Registered Office Ramon House H T Parekh Marg 169 Backbay Reclamation Mumbai - 400020 Maharashtra India 22836255 / 22820282 22046758 22046834 www.hdfc.com Mr. K M Mistry Mr. Girish V Koliyote 10 1 HDFC Group

Tel. Fax Website Chief Executive Name Secretary Name Face Value Market Lot Business Group Name

Incorporation Date Not Available Industry Name Registrar of Company Listed on Finance - Housing Not Available National Stock Exchange of India Ltd. The Stock Exchange, Mumbai



Table 5

Board of Directors
Name Mr. Keshub Mahindra Mr. S Venkitaramanan Mr. N M Munjee Ms. Renu S Karnad Mr. D M Sukthankar Mr. B S Mehta Mr. Shirish B Patel Dr. S A Dave Mr. K M Mistry Mr. D N Ghosh Dr. Ram S Tarneja Mr. D M Satwalekar Mr. Deepak S Parekh Dr. Vijay Kelkar Designation Vice Chairman Director Director Executive Director Director Director Director Director Managing Director Director Director Director Chairman / Chair Person Special Director



Table 6

Registered Office State Bank Bhavan Central Office 8th Floor, Madame Cama Marg, Mumbai - 400021 Maharashtra India 22830535 / 2283888 22855348 www.sbi.co.in Mr. Yogesh Agarwal Not Available 10 1 SBI Group 15/12/1993 Finance - Banks - Public Sector M C S LIMITED SHRI PADMAVATI BHAVAN PLOT NO 93 ROAD NO 16 MIDC AREA ANDHERI (E Mumbai , Maharashtra , 400093 Tel :- 8201785 Fax no :- 8201783 National Stock Exchange of India Ltd. The Stock Exchange, Mumbai

Tel. Fax Website Chief Executive Name Secretary Name Face Value Market Lot Business Group Name Incorporation Date Industry Name Registrar of Company

Listed on



Table 7

Board of Directors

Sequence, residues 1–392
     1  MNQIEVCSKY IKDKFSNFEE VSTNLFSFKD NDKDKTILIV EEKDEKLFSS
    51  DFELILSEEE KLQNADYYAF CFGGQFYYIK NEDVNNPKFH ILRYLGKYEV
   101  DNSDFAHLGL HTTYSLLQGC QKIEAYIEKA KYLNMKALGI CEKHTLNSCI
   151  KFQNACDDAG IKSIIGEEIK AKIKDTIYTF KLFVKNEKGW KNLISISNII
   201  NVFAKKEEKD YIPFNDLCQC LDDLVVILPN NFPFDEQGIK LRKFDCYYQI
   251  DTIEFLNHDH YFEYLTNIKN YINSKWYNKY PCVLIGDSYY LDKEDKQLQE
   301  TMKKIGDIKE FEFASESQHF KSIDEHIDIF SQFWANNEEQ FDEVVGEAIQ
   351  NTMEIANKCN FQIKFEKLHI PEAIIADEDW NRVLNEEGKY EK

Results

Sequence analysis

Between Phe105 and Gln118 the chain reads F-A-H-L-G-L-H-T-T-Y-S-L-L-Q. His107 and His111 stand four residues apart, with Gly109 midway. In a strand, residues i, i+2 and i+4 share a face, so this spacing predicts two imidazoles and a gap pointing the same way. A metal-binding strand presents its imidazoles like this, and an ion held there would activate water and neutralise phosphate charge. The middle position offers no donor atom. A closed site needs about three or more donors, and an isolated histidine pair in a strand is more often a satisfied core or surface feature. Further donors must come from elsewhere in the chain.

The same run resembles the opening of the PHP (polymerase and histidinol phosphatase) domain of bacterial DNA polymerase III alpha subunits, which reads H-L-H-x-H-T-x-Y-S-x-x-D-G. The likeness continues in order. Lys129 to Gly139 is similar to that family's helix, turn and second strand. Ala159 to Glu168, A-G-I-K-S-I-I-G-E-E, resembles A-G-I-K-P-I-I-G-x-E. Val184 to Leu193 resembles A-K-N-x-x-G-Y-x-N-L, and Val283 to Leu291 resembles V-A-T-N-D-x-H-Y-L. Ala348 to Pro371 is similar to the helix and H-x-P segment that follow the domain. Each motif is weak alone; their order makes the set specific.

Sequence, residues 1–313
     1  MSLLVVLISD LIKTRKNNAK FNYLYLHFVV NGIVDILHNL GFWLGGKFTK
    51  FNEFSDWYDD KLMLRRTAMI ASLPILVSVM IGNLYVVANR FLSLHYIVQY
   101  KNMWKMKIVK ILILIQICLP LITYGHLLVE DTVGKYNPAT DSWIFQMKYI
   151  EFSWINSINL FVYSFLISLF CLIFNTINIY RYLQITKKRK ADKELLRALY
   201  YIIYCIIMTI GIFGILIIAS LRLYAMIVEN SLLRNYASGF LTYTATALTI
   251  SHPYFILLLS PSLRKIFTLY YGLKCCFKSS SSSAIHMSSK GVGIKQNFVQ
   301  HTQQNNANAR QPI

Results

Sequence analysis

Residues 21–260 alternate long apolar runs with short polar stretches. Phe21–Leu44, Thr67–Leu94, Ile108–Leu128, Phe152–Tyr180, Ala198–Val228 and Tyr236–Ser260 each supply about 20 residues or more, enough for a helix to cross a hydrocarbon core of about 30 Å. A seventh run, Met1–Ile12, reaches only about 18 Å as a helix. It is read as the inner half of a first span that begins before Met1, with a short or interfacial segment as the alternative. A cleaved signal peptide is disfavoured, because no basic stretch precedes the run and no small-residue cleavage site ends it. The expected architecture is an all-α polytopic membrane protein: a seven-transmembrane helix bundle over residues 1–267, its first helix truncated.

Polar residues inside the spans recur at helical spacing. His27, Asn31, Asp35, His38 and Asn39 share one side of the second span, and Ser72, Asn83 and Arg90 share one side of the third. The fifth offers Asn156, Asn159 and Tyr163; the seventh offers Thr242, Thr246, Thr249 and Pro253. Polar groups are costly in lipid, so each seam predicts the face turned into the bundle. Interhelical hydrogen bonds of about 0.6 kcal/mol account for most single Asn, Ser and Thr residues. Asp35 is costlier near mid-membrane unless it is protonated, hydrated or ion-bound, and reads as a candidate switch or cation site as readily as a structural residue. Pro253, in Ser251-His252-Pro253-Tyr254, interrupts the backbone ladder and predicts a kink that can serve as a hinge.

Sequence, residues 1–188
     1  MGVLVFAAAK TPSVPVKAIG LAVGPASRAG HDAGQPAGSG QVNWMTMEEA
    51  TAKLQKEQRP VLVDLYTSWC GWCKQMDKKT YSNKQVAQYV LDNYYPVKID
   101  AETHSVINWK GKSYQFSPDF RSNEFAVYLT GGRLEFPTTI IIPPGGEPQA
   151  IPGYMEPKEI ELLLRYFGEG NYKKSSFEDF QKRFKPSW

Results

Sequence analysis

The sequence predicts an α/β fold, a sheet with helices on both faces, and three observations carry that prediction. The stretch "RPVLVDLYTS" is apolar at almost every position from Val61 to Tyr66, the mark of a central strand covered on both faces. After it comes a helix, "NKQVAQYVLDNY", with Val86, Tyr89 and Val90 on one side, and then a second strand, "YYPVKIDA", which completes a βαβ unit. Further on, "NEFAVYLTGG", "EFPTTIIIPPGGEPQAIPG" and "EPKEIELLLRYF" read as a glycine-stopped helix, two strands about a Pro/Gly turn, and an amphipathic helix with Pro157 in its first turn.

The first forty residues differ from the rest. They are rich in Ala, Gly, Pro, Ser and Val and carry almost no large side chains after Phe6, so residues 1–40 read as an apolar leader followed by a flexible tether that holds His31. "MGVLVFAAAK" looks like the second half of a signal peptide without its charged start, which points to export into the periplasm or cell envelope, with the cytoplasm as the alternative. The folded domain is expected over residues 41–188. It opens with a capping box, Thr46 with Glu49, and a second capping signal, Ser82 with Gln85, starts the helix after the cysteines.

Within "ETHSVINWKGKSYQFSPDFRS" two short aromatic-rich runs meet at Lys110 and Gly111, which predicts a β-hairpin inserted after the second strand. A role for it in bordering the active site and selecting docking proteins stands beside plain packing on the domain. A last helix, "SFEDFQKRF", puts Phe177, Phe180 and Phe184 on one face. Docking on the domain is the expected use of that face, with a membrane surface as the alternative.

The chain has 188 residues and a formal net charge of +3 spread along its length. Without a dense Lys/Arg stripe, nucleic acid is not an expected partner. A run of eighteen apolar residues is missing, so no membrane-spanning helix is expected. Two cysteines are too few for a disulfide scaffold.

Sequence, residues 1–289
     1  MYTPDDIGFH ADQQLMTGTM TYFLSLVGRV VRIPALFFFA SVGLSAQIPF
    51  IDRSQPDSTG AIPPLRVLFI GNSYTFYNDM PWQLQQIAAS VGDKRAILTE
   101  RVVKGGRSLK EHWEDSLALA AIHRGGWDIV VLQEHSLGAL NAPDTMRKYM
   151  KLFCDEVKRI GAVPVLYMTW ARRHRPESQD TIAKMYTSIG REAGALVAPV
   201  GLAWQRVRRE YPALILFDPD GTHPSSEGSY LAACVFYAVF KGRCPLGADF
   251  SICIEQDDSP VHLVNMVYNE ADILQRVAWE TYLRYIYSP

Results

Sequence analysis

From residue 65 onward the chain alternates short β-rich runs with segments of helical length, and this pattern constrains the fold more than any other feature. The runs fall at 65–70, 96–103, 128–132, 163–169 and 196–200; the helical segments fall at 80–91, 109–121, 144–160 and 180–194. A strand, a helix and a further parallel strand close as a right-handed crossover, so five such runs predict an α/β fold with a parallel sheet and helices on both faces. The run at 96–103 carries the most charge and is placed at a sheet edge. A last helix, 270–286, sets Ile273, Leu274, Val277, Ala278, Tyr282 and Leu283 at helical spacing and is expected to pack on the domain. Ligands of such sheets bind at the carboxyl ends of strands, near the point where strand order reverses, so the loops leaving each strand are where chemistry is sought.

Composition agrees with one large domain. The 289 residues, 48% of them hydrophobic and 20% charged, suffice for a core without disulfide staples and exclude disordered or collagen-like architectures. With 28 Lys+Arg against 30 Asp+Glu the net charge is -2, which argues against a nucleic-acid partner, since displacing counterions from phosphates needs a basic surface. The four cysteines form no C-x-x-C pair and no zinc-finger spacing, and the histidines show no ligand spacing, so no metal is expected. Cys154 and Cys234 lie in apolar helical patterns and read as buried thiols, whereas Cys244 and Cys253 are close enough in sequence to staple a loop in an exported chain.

Name Mrs. Shyamala Gopinath Dr. Ashok Jhunjhunwala Mr. Rajiv Pandey Mr. Vinod Rai Mr. Ananta C Kalita Mr. Arun Singh Mr. M S Swaminathan Mr. Yogesh Agarwal Mr. Ajay G Piramal Mr. Piyush Goyal Mr. O P Bhatt Mr. Ashok K Jha Mr. Amar Pal Mr. Suman Kumar Bery Designation Director Nominee Director Director Director Nominee Director Director Director Managing Director Director Director Chairman / Chair Person Director Director Director






Macro Economic Analysis:Macro economic analysis gives the idea of overall economic environment in which stock of the company operate. There are key variables in macro economy environment which has to be analysis when macro economic analysis undertake and which are affect macro economic analysis. Here in this research this data is analysis.

The political equation
A stable political environment is necessary for steady, balanced growth. If a country is ruled by a stable government which takes decisions for the long-term development of the country, industry and companies will prosper. On the other hand, instability causes insecurity, especially if there is the possibility of a government being ousted and replaced by another that holds diametrically different political and economic beliefs. There are predictions that by 2050, India would be one of the three most powerful nations in the world. This has led to renewed interest in India and investors are back. In conclusion, the political stability of a country is of paramount importance. No industry or company can grow and prosper in the midst of political turmoil.



Growth Rate of Gross Domestic Product: Gross Domestic Product (GDP) is a measure of the total production of final goods and services in the economy during the specified period. In goods there are two types.  Agricultural goods  Manufacturing goods Growth rate of GDP is the indicator of the economic environment and for the stock market. If growth rate of GDP is favourable or good or higher than it is more favourable to the stock market.